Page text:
Other important Asian markets for Philip Morris are Indonesia, the Philippines and Japan. These markets contribute to around 78% of the total cigarettes shipped by the company in Asia. The largest contribution (33% of the total cigarettes shipped in Asia) comes from the fastest growing region, Indonesia.
The Indonesian market is marked by several trends favorable to the tobacco industry like high smoking prevalence rate (highest male smoking rate in the world of 67%), relatively lower cigarette prices and increasing affordability led by rising income levels. A volume shift towards premium brands, rampant tobacco advertising and relatively lenient government policies to reduce or check tobacco consumption have also fueled market growth.
While the domestic American tobacco companies have to deal with shrinking markets, Philip Morris stands to benefit from increased market share for flagship brands like Marlboro that currently have a negligible presence in China, but the company also stands to benefit from volume growth in Indonesia and the expansion into a new frontier in Africa. If you are looking to make a tobacco investment with a 15+ year time horizon, an investment in Philip Morris International comes with these kinds of favorable growth tailwinds that are not presently apparent in the American market.
And lastly, because Philip Morris International generates its profits in rupiah, yuan and dozens of other currencies across the globe, the company is able to hedge against the US dollar in an attractive manner. Since 2008, the company has reduced its share count from over 2.0 billion to 1.6 billion by playing the currency game like a fiddle, extracting profits in currencies that are trading favorably compared to the US dollar and using them to destroy blocks of shares and increase the earnings per share figures for shareholders (and facilitating future dividend growth by reducing the number of shares to which a dividend must be paid).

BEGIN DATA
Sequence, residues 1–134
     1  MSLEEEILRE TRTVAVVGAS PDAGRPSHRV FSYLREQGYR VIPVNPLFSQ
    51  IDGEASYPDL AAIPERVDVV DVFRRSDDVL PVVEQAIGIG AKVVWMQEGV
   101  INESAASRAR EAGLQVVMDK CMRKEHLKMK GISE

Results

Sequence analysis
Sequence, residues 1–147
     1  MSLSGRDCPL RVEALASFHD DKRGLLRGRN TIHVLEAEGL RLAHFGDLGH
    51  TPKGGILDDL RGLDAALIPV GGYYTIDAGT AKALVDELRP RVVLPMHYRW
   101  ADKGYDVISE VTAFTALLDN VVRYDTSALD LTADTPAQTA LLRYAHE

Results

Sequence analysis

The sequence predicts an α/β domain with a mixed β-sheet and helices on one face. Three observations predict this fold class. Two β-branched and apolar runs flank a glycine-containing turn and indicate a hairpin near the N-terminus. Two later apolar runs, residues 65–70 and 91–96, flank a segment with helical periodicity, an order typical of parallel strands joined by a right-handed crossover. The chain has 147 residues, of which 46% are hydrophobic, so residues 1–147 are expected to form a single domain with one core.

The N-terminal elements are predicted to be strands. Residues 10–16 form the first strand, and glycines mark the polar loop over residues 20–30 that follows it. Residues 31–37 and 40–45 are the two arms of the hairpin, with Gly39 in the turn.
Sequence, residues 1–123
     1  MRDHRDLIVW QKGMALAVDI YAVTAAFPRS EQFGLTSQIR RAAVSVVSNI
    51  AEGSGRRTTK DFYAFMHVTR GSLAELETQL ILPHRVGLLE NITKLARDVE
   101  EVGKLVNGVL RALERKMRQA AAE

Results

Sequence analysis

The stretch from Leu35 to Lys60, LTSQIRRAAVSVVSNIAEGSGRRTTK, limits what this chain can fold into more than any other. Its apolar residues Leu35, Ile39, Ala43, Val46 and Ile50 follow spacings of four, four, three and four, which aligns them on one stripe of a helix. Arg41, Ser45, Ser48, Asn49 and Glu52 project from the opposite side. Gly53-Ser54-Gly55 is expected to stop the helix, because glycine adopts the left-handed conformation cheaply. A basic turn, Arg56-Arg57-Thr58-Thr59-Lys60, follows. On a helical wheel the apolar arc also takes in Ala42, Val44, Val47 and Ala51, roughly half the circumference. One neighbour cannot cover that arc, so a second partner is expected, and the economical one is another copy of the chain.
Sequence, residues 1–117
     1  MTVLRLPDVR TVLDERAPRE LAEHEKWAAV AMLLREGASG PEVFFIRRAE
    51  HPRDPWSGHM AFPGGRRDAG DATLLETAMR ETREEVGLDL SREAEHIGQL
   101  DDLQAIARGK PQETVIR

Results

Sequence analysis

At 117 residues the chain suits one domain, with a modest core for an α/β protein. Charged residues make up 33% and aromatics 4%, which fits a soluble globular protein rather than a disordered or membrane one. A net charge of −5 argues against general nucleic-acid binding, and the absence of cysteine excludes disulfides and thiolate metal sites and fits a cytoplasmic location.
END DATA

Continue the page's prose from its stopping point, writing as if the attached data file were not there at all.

Am I shareholder right now? No. Philip Morris International is trading at a strong P/E multiple for a tobacco company, as the current price of $95.68 gives investors a P/E ratio of 18.4 relative to $5.20 in earnings. Philip Morris has a limited trading history (as it was essentially born during the start of the Great Recession in 2008), but American tobacco companies had long ranges of trading between 9-12x earnings in their respective histories. Philip Morris International has a greater growth story, and I would be willing to pay up to 14-15x earnings, but in my case, there is no margin of safety to adjust for the political risk of tobacco investing at the current price of 18-19x earnings. With tobacco companies, if you are patient enough, you have a decent chance of getting your price.
My intention towards Philip Morris International is to buy at 14-15x earnings, reinvest the dividends into "no-brainer" high quality stocks like Coca-Cola (KO), Procter & Gamble (PG) and Johnson & Johnson (JNJ), essentially executing a blended strategy that allows me to participate in Philip Morris' promising growth story while hedging my bet in the event that the political risk of tobacco investing proves to be more significant (or swifter) than I anticipate.
Operationally speaking, Philip Morris International has a lot going for it. Volumes are growing significantly in Indonesia. Marlboro may become a meaningful part of the Chinese equation in the next five years (when a quarter of the people smoke, you do not have to make too many inroads to realize substantial profit). The company is able to use its diverse body of profit collection in different currencies to opportunistically buy back shares. Right now, Philip Morris is a triple threat company: it is buying back meaningful amounts of stock, giving income investors substantial raises, and experiencing organic top-line growth.